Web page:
If there’s one lesson Pakistan’s policymakers can learn from the ongoing tumult in the international energy markets, it is to look for economical and reliable substitutes to the expensive import-based fuel mix for tackling longstanding power sector challenges: availability, affordability and accessibility.Energy prices have shot through the roof and suppliers cancelled their long term contracted LNG shipments on Covid-related supply chain disruptions exacerbated lately by the Russian-Ukraine conflict, underlining how vulnerable Pakistan’s energy security is to the global price and supply volatility.
The previous Nawaz Sharif government had attempted to address the energy security challenges by encouraging relatively cheaper coal and gas imports for electricity production and industrial use. The policy made sense at that time due to the lower prices of these fuels. Imported coal was available for much under $100 per tonne and LNG at approximately $10-13 metric million British thermal units, until the recent commodity supercycle pushed energy prices to climb new peaks. Simultaneously, it also sought to exploit indigenous coal discovered in Thar and renewables to cut reliance on fuel imports.
Nawaz Sharif was successful in removing generation capacity bottlenecks with the help of massive Chinese loans, but he was unable to address challenges of affordability and accessibility due to overdependence on imported energy for power production. The economy continues to face blackouts to this day despite excess generation capacity since we’re always short of dollars to pay for energy imports.
The country accrued economic losses of around 2pc of GDP per annum owing to crippling power shortages in the late 2000s and 2010s. Are we headed there again?
Among other factors, ballooning energy imports are significantly contributing to the current account deficit and accumulation of fiscally unsustainable debt in the energy chain, or ‘circular debt’, to over Rs2.3 trillion in nine years. Higher electricity tariffs are suppressing demand and encouraging power theft and widespread defaults on bills. The expensive power is also compelling the government to heavily subsidise textile exporters to ensure their international competitiveness.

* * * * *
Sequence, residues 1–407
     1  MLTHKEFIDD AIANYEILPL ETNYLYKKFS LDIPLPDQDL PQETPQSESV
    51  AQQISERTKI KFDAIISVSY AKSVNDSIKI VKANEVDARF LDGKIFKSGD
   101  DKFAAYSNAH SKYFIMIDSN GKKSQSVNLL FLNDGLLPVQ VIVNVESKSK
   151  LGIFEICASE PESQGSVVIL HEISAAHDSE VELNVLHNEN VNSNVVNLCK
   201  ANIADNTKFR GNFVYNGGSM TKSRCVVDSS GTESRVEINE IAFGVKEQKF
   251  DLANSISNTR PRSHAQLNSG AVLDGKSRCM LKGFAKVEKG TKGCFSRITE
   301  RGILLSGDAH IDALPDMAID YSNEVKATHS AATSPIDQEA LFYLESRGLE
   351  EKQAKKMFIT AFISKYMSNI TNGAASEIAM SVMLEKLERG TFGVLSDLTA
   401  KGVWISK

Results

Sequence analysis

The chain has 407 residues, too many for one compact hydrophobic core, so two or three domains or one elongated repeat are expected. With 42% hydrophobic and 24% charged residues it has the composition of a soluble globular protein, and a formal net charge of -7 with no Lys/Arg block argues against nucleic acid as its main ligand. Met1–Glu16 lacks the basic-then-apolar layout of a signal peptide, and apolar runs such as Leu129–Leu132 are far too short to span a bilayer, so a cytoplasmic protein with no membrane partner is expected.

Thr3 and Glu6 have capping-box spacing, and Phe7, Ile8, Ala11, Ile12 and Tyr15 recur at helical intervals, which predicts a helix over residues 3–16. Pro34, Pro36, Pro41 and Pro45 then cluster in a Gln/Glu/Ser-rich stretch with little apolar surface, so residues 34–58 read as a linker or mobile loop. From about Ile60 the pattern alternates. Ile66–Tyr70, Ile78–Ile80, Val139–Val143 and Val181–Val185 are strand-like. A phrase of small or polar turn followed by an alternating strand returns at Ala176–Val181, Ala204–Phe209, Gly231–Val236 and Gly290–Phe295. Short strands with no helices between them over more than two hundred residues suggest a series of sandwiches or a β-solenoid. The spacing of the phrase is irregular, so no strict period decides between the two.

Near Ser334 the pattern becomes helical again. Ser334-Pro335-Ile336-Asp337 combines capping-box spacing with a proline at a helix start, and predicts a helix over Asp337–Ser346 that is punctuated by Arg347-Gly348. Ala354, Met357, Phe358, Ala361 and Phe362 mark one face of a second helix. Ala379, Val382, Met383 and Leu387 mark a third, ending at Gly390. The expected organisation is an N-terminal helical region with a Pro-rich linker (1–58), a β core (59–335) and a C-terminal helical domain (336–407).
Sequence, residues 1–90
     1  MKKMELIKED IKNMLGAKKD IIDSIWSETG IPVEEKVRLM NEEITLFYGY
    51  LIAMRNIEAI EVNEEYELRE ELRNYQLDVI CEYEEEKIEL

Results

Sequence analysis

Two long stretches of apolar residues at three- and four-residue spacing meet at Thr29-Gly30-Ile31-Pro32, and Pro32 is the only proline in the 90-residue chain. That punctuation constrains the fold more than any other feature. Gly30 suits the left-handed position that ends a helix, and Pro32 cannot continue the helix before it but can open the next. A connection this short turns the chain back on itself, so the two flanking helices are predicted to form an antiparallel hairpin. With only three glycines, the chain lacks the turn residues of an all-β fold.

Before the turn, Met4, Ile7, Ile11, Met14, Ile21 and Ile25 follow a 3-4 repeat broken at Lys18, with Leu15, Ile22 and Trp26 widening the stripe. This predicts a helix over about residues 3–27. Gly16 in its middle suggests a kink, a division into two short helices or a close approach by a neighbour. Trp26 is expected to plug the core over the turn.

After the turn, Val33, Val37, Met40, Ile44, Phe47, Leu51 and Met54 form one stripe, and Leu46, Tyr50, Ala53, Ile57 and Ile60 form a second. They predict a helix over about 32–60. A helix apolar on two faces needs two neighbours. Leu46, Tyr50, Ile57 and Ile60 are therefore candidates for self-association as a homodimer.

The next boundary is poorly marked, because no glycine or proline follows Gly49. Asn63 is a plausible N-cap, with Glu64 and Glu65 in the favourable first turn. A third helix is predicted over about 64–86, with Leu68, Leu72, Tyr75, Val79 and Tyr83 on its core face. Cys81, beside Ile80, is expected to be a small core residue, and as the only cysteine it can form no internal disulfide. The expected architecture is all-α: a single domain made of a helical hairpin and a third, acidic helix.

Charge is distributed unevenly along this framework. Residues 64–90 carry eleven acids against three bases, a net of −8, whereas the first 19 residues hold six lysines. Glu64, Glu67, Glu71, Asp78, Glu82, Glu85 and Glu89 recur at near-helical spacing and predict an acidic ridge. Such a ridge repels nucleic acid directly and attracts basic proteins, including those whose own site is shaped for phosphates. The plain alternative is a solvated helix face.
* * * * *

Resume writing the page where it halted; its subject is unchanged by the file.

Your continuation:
Rising global energy prices also forced Imran Khan to cap the prices for four months through June to provide temporary ‘relief’ to the people to win over their support ahead of a no-confidence vote called to remove him from power.
With the international energy prices still hovering closer to their recent peaks and unlikely to settle down any time soon, and the government’s ability to procure enough oil, LNG and coal to meet electricity demand hampered by diminishing foreign currency reserves, this summer isn’t going to be easy.
According to official estimates, the country accrued economic losses of around 2pc of GDP per annum due to crippling power shortages in the late 2000s and 2010s. Have we headed there again? Most likely unless we pull our act together.
Also, we cannot rule out further multiple tariff hikes going forward as the government would want to cut its losses and recover full energy costs. There’s no shortcut to our power woes; Pakistan must rapidly shift to indigenous, inexpensive fuel sources to overcome affordability and accessibility challenges. Or the people will continue to groan under ever-inflating electricity bills and Pakistan’s exports becoming less competitive.